If one adheres unimaginatively to the ruling of the seasons, that one during which all organised sporting flying takes place is now over. There will be no more races until next May, while the smaller meetings such as lunch and tea patrols organised by the more energetic flying clubs will continue only in greatly reduced doses.
This closing of the 1954 season brings with it the first woman British Air Racing Champion in Miss Freydis Leaf, who achieved her particular measure of success in the very interesting Miles Hawk Major G-ACYO, which first saw the starter’s flag as many as nineteen years ago. This attractive little open two-seater was the predecessor of the more famous Magister, which saw extensive service before and during the war in the ham hands of thousands of R.A.F. pupil pilots.
In practice the Hawk-Major is a much cleaner and lighter aeroplane than the “Maggie” (itself called the Hawk Trainer when in civil use, as it is today). All of which results in considerably better performance, but this is even more pronounced in the case of G-ACYO, for it has conceded to modernity to the tune of a metal propeller in front of a high-compression Gipsy Major 1c. All this produces average speeds in the region of 135 m.p.h.
Reluctantly, Freydis Leaf has now sold “Charlie Yoke Oboe,” and its new owner, one Howard Stirling, hopes to take it with him to the Middle or Far East, in which parts he is to continue his activities as an air traffic control officer; and so yet another real aeroplane leaves the country!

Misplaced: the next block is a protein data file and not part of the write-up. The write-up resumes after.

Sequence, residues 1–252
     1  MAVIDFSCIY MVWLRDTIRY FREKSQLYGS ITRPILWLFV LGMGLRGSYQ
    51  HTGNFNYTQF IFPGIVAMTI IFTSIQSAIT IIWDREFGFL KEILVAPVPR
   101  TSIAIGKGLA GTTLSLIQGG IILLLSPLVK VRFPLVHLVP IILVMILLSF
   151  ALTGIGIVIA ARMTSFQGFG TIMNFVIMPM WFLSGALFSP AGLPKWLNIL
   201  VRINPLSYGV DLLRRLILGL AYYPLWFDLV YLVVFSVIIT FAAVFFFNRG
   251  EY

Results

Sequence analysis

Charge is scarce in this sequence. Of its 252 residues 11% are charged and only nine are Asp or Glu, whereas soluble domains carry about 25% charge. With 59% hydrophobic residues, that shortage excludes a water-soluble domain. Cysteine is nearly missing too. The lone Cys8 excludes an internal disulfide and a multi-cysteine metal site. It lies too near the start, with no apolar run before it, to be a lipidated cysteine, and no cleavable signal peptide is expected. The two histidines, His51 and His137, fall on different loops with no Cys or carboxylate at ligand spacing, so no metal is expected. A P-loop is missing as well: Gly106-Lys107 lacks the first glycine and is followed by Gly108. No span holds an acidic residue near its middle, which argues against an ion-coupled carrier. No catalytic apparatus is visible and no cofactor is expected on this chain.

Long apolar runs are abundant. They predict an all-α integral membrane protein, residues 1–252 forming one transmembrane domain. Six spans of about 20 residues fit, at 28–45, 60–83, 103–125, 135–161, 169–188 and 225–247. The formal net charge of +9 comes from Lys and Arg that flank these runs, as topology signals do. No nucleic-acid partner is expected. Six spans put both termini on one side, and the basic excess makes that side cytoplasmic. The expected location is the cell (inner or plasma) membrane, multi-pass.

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Thinking, and-writing, of women and aeroplanes brings to mind the Amy Johnson Memorial Scholarship, which is to provide some fortunate member of the fair sex with the opportunity of becoming a flying instructor. The award will be made by a selection committee from a large number of candidates, the only requirements for consideration being a current Private Pilot’s Licence and an Age under thirty.
One feels that selection may not be unduly difficult, for temperamentally most girls are quite unsuited to the task of teaching other people to fly, although there are some noteworthy exceptions and it is hoped that one of these will come to light to take advantage of the course offered. In practice, the thought of women flying instructors immediately conjures up a picture of Joan Hughes, who, as C.F I. of the West London Aero Club at White Waltham, takes many a male to task through the Gosports of a Tiger Moth; however, this is a very different picture from that of her war-time activities, when as an important personage within the Air Transport Auxiliary she was frequently seen descending from the cockpits of Lancasters and Halifaxes accompanied only by an armful of cushions!